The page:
SB 1409 Would Shut Down the Failed ALRB
By Jesse Rojas
Former President Ronald Reagan said, “No government ever voluntarily reduces itself in size. Government programs, once launched, never disappear. A government bureau is the nearest thing to eternal life we’ll ever see on this earth!”
However, SB 1409, a bill introduced by Senator Shannon Grove, would say enough is enough for one state board that no longer serves its original purpose.
The Agricultural Labor Relations Board (ALRB) was established in 1975 to oversee and protect the rights of agricultural employees to organize and decide whether or not to have labor unions represent them.
The ALRB has failed in its charge to protect the rights of all farm workers regardless of whether or not they belong to a union.
Nowhere is this more evident than in its seemingly cozy relationship with the United Farm Workers (UFW), especially as it relates to the UFW’s efforts to force a state-imposed union contract on Gerawan Farming against the will of a majority of Gerawan Farm employees. In further disgrace, this so-called non-negotiated union contract would have lowered the take-home pay of thousands of farmworkers.
It took over five years, the most prominent labor protests in California’s history, and several court decisions for the ALRB’s unjustified interference at Gerawan to come to an end. Estimates show the ALRB spent over $10 million taxpayer dollars in their attempt to suppress the voices of thousands of Latino immigrant farmworkers.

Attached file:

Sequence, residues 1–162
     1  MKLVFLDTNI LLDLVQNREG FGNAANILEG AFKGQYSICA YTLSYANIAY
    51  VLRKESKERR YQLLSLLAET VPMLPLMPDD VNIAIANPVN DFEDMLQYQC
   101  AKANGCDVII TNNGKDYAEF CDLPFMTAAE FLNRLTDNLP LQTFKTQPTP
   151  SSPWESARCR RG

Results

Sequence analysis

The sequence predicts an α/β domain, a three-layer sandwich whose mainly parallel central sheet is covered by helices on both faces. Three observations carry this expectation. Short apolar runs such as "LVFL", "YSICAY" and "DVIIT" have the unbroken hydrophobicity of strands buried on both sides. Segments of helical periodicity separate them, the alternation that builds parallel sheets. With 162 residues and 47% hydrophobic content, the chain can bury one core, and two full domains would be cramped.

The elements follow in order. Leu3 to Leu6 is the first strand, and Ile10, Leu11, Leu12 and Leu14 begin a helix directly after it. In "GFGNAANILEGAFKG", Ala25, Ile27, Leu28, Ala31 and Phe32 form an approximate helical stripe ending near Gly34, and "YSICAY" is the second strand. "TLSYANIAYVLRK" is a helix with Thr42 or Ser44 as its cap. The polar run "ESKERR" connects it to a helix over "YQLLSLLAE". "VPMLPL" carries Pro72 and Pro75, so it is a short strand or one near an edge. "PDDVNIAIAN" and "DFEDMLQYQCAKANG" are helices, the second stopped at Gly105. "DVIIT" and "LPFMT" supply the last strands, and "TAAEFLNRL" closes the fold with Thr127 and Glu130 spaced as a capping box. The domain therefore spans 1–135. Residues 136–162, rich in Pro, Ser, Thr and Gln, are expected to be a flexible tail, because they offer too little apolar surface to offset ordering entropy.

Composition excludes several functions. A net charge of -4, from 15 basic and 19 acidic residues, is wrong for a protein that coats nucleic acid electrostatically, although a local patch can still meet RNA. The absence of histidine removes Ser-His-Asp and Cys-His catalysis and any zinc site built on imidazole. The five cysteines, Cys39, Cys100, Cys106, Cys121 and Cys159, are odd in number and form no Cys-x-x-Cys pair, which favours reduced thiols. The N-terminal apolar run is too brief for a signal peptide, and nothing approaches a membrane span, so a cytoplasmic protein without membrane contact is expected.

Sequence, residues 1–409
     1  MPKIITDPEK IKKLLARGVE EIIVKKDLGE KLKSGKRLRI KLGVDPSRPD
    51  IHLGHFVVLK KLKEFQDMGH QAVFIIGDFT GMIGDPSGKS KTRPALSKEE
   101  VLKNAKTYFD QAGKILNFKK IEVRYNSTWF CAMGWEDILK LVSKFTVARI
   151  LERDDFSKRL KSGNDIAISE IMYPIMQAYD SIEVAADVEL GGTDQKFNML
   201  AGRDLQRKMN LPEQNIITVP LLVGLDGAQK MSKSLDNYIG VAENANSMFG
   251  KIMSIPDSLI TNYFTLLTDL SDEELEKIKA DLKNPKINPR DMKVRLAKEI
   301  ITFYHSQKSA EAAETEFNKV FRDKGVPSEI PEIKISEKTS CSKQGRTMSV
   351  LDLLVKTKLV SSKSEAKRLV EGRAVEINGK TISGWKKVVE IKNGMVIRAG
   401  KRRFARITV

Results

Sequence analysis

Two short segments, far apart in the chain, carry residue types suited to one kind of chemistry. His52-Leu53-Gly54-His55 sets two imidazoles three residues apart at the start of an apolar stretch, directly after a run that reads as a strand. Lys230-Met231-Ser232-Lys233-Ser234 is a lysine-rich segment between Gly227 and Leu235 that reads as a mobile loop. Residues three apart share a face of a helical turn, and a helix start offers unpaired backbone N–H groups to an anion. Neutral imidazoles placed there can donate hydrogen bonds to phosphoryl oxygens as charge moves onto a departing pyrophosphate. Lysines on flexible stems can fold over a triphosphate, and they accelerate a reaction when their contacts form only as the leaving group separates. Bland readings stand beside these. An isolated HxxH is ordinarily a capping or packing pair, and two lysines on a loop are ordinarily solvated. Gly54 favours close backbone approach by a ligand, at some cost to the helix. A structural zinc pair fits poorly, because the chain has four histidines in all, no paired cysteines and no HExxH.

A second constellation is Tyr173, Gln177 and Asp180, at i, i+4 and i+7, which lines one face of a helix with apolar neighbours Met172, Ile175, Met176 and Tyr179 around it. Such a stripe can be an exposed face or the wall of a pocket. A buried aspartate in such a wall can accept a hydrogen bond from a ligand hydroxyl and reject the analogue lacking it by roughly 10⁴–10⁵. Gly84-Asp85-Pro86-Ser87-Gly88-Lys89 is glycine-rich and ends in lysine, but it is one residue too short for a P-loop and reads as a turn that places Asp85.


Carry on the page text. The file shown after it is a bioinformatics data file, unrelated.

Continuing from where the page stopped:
While this case received high profile attention, many agricultural producers have stories of the ALRB attorneys harassing employers and even workers who disagree with the Board’s union bias. This bias continues even today. The ALRB is inundated with headlines on corruption, segregation, bullying, harassment, conflicts of interest, whistleblowers, interference, and a long history of trampling workers’ rights.
Unfortunately for the ALRB, union activity in the agricultural sector has all but disappeared, while on some farms, employees are choosing to stop affiliating with the UFW.
Union activity is so low that a recent UC Merced study found that the number of agricultural workers who belong to a union is statistically zero, possibly only a few thousand out of 400,000 farmworkers statewide.
Former ALRB chairman William B. Gould quit in anger by sending a letter to former Governor Brown describing the 1975 law as “irrelevant to farmworkers” and that the UFW has “absolutely no interest in organizing the unorganized.”
With no union elections to oversee, what is the role now of the ALRB?
Indeed, the Board no longer serves its function. Of course, try telling that to the Board’s 44 staff attorneys who are now busy pursuing charges against employers for allegedly “bad” working conditions.
This change in focus by the ALRB is entirely duplicative of other state agencies like the California Department of Industrial Relations, the Employment Development Department, and the Department of Fair Employment and Housing.
Those departments already oversee employee facilities and accusations of unfair labor conditions, so why do we need the ALRB?
Senator Grove’s bill answers that question. There is no need for the Board anymore.
The Senator is proposing to take the $11 million that taxpayers spend on those attorneys who file make-work lawsuits against businesses and spend the money on much-needed farmworker housing.
Farmworker housing programs are notoriously underfunded. Helping actual farmworkers would be a more fitting way to spend the ALRB’s budget.
SB 1409 is scheduled to be heard in the Senate Labor Committee on April 27th. Let’s hope Senators see the wisdom of putting an end to this government agency and prove President Reagan wrong.